As I think about some of the biggest stories of 2017, they look like a compass of what’s ahead. Here are five trends we’ll see spill into 2018:
- Social Media’s Shine Is Getting A Little Rusty.
Between influencer campaigns from foreign nations aimed at disrupting elections around the world, to ongoing “fake news”, to fake accounts that run up follower numbers erroneously, to bots that aren’t really delivering much positivity, there is a lot not to like at the moment. Increasingly, the public is mistrusting of technology companies and social media.
Yet the idea that our government would begin legislating regulations on tech companies is even less appealing than dealing with the current problems our reliance on social media is revealing.
Questioning the credibility of sources will continue to be a theme for the public and marketers will have to work hard to maintain reputation and relevancy.
- The Content Fire Hose Isn’t Going Away.
In a recent Cision/PR Week survey, one of the top challenges for agencies is addressing the endless need for new content. Figuring out how to produce a deliverable that clients increasingly expect to cost less, while maintaining quality, is a problem most agencies will continue to grapple with in 2018.
I believe agencies and their clients will need to further refine the right cadence of posting in order to realistically manage production and relevancy. Revisiting posts that can be updated or simply are evergreen is a smart way to repurpose good content. Producing mediocre content just to fill a broadcast calendar is not a long-term solution.
- The Media Landscape Continues To Be Rocky.
It’s been interesting to watch the rise of Axios, a new media outlet, in a time when many think the industry is dying. Axios has been smart about how it connects with its audience, focusing on an easy-to-digest app and daily emails that make people feel in the know.
At the same time, 2017 brought a rally cry of “fake news” that has put the media on the defensive and put into question one of the bedrocks of our democratic system - something most of us would never have imagined even five years ago.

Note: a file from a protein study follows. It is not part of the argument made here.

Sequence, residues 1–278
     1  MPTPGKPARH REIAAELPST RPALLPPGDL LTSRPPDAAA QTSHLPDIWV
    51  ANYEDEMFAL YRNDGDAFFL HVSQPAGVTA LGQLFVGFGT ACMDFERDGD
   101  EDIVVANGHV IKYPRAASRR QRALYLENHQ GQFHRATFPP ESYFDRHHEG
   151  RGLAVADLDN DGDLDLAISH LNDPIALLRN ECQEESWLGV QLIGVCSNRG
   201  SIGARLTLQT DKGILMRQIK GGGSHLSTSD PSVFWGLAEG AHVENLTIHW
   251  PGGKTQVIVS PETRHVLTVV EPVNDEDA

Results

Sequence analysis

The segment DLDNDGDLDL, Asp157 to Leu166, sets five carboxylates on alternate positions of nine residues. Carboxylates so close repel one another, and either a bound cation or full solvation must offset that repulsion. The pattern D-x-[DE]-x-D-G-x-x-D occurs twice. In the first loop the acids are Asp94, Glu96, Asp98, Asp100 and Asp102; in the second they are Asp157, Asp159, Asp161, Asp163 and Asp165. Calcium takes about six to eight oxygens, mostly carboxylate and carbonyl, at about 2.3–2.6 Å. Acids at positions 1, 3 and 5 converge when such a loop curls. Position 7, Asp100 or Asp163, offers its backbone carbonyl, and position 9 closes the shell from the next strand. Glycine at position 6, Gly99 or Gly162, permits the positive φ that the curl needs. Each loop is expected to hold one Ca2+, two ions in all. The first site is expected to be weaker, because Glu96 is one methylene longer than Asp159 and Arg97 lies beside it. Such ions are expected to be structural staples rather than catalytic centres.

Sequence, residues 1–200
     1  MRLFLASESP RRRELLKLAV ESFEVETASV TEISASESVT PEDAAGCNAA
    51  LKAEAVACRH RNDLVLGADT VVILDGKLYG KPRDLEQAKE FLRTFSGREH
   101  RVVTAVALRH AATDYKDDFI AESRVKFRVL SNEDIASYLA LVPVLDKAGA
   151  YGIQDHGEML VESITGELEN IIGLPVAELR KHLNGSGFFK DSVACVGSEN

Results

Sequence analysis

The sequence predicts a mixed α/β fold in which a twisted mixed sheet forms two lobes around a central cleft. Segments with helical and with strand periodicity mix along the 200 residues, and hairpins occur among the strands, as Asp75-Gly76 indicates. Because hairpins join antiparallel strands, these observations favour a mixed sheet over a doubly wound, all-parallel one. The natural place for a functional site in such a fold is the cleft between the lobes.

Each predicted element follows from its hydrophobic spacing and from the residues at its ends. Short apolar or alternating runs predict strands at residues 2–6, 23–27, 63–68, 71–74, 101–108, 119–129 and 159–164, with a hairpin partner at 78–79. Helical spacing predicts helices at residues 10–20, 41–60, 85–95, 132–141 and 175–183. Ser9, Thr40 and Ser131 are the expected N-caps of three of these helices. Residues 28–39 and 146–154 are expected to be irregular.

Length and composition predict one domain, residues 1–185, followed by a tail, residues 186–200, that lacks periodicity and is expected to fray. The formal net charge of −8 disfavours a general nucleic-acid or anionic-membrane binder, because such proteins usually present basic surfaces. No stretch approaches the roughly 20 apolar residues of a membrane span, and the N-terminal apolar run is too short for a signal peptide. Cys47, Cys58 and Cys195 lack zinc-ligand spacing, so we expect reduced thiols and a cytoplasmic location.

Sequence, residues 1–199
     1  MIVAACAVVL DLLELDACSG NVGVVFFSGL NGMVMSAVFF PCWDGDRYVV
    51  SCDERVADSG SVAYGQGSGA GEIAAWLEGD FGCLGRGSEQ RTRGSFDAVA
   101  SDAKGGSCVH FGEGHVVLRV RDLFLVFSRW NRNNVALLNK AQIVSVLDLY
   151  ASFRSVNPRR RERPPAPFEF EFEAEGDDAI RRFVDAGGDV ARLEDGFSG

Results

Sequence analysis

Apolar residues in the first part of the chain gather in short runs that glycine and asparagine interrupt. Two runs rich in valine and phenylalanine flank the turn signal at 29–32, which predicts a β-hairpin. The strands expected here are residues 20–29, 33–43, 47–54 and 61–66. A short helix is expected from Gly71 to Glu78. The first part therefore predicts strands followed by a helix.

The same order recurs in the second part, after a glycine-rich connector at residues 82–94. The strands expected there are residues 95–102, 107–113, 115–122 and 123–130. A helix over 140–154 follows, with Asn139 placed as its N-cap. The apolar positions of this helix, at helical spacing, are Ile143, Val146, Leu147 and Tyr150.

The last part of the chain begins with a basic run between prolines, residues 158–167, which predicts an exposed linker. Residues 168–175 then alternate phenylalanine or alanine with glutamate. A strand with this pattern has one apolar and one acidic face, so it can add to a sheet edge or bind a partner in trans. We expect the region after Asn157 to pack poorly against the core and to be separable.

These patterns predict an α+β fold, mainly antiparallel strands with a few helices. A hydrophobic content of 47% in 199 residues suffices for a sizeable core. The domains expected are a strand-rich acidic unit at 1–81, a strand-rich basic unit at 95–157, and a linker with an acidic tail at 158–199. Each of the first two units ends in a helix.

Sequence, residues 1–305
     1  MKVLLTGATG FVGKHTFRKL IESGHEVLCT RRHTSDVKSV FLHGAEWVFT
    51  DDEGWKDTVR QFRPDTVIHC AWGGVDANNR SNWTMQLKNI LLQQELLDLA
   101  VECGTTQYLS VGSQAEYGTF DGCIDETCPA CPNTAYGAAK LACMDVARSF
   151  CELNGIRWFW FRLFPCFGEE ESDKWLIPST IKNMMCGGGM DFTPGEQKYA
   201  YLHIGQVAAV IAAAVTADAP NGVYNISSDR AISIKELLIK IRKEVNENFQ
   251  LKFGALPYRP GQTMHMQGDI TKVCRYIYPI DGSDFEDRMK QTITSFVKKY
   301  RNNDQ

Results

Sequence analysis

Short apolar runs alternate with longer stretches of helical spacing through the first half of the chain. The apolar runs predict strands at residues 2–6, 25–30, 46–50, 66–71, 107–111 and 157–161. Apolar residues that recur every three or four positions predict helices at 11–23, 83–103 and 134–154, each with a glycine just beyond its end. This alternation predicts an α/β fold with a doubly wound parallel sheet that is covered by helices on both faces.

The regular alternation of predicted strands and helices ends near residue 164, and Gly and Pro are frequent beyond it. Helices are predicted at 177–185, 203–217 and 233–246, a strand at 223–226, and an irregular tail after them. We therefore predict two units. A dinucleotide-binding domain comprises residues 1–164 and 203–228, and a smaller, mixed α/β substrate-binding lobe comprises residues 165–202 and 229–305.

Transparent media practices have also been called into question this year, most notably by Marc Pritchard of global consumer goods giant Proctor and Gamble. Pritchard criticized a ‘crappy media supply chain’ and demanded more transparency from media partners – especially digital ones.As purchasers of media, marketers will continue to be challenged by the right places to be seen and will demand more transparent practices. And PR pros will walk the tightrope between traditional news placements and micro-influencers who might be more credible to certain audiences.
- Reputation Is Everything.
The downfall of some of the country’s biggest media personalities has been earth shaking. Media is now part of the story. That won’t change in 2018 as the #MeToo movement continues to tear at the structures of power that have enabled and protected sexual harassers.
At the same time, brands that have contributed (knowingly or not) to these behaviors are being called to the reckoning table also. What did Disney know about Weinstein? What did NBC know about Matt Lauer?
It can take years, sometimes decades, to build a public reputation and this year we’ve seen that it only takes a day to destroy that. We already have clients expressing caution about aligning with celebrities (particularly male celebrities) for fear that something negative could be revealed at any time. This trend might make for some interesting spokespeople choices in the future.
- Creativity Is Still The Dividing Line Between Us And The Robots.
As more jobs become automated and the work no one wants to do gets outsourced to bots, there is one thing businesses continue to need that, for now, only humans can deliver. That thing is creative problem solving. Maybe one day, AI will develop to the point that creativity can be outsourced as well, but for now we’ve still got that going for us.
It is the thing that marketers need more than ever. The love affair with digital marketing and lots of data is starting to show its limitations. Without creativity, emotional resonance, humor and sensitivity the best ad buy in the world will go nowhere fast.